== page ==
Wednesday, January 21, 2009

To the Caregiver and the MS Patient

A diagnosis of multiple sclerosis affects not only the patient, but all members of the family. Today’s focus is on the spouse and/or partner.

My neurologist’s office provides extra services (free of charge) to MS patients in the local area. These include an annual workshop which focuses on updates in the field of multiple sclerosis research, a monthly support group meeting for those with MS, and most importantly a special monthly support group just for newly-diagnosed patients and their spouses. Parents and boyfriends are even welcome.

I was invited to participate in these newly-diagnosed meetings even before I was officially diagnosed. Each session focused on a single topic related to MS. Participants usually arrived early; nurse Carol set out some goodies and soda; and a bit of socializing occurred before the session began. This was the time during which patients informally compared notes and spouses often checked to see how others were coping with the changes.

When one person develops MS, the family lives with MS as dramatic as that sounds.

The National Multiple Sclerosis Society provides excellent information specifically for Caregiving and Relationships. Here are some of my favorite recommendations for keeping your relationship strong.

Read this post in its entirety:

Beginner's Guide to MS: To the Caregiver and the MS Patient


  1. Excellent topic as living with MS is rarely about one person. NMSS guides are not bad in fact probably the best of possible help for newly diagnosed. However for the long haul of progression of MS and decades of caregiving you have to remember that you will 'care for' the person with MS longer than you ever knew them without MS.

    Caregivingly Yours, Patrick

  2. Patrick,

    That is so true!! The commitment and love it takes to be in it for the long haul is amazing and overwhelming, too.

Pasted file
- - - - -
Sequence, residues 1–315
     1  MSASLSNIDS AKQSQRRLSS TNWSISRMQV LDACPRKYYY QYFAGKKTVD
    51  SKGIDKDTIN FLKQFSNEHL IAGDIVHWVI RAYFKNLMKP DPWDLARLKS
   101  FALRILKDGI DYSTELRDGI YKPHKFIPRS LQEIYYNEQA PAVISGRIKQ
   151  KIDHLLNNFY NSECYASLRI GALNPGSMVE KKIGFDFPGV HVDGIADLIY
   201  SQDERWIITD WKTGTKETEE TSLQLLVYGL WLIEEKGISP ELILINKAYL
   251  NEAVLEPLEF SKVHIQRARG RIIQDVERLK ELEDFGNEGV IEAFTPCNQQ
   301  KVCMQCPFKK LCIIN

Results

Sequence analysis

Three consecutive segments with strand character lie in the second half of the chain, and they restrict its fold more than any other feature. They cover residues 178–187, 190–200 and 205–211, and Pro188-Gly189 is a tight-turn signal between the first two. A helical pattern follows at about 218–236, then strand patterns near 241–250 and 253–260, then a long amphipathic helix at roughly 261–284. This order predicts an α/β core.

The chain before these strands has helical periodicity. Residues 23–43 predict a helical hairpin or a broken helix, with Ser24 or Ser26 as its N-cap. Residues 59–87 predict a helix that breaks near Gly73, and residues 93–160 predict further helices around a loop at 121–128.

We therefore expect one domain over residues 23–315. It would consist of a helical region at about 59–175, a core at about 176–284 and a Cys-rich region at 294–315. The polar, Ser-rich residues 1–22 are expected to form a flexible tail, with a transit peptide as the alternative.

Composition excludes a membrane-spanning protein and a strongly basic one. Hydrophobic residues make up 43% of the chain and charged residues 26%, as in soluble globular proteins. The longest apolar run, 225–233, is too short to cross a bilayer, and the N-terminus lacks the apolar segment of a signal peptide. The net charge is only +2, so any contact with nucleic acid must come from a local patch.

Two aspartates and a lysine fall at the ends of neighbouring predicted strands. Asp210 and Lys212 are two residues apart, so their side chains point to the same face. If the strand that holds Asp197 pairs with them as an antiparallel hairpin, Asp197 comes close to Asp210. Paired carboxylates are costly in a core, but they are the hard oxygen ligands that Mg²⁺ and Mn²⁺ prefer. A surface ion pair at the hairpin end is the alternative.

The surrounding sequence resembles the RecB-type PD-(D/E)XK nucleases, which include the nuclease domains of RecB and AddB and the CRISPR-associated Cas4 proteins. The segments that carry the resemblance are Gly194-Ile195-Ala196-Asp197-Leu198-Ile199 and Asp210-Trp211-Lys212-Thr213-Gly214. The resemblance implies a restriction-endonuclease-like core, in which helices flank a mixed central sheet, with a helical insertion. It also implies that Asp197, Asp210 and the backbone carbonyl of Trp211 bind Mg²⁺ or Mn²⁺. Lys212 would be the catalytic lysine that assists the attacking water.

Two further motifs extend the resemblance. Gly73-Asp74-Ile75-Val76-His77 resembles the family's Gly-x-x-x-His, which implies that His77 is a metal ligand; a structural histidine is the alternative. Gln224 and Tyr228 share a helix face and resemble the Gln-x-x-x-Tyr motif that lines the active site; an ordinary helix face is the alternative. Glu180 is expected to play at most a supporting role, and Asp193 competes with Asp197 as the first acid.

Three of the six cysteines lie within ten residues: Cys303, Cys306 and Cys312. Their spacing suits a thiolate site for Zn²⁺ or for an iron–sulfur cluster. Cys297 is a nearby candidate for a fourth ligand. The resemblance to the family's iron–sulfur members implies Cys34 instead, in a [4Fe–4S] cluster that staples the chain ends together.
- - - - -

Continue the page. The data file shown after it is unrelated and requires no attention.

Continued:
At MS Central, I was aiming this piece at folks who are extremely new with the disease and who are likely dealing with the more common symptoms of fatigue, numbness, pain, etc. Definitely much different than the experience one gains after decades of care.

    Do you know Herrad? She was the feature of last week's Carnival and is PPMS. Her husband is her caregiver and they've had a really tough time of it recently. She developed a pressure sore in July/August and has been bed-ridden since. Maybe, just perhaps, it might heal enough for her to be able to sit in a wheelchair again by March....and she was only dx about 2.5 years ago.

    In a future 'caregiving' post, I will discuss what family members can do to make it easier for everybody. Things like kids helping with laundry, dishes, etc.

  3. Good ideas, Lisa. In my case, the Wookie has only known me with MS and is extremely supportive, going with me to info nights or education sessions, dragging me back home when I'm pooped, and of course, giving me my shot. He's comforting when I have a meltdown and in 3 and a half years, I've never seen him even slightly annoyed at me, even when I'm PMSing.

    Although he and I are together almost constantly after work hours, he still has his "stuff" he does as I have mine.


  4. Excellent info! I always seem to forget that it's affecting everyone. When I'm having a particularly rough day, so does everyone else in the house unfortunately. But I just try to smile and I keep reminding them all how much I love them and appreciate them.

  5. I wish that my local neuros office offered all of those services.
    I have sat and watched how my MS has effected each member of my family and I think it would be great for them to have others to compare notes with.
    Instead, I go to see a therapist once a week and everyone just waits to see what kind of mood I'm in when I get home.
    Everyone should use these services if they're available!